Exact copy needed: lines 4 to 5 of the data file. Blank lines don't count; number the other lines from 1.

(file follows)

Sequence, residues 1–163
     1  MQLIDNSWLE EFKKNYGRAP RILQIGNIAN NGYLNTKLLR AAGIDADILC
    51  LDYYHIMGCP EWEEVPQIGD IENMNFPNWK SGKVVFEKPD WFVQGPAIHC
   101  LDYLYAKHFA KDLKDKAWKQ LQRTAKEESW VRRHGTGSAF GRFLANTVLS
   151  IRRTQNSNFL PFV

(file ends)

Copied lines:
   101  LDYLYAKHFA KDLKDKAWKQ LQRTAKEESW VRRHGTGSAF GRFLANTVLS
   151  IRRTQNSNFL PFV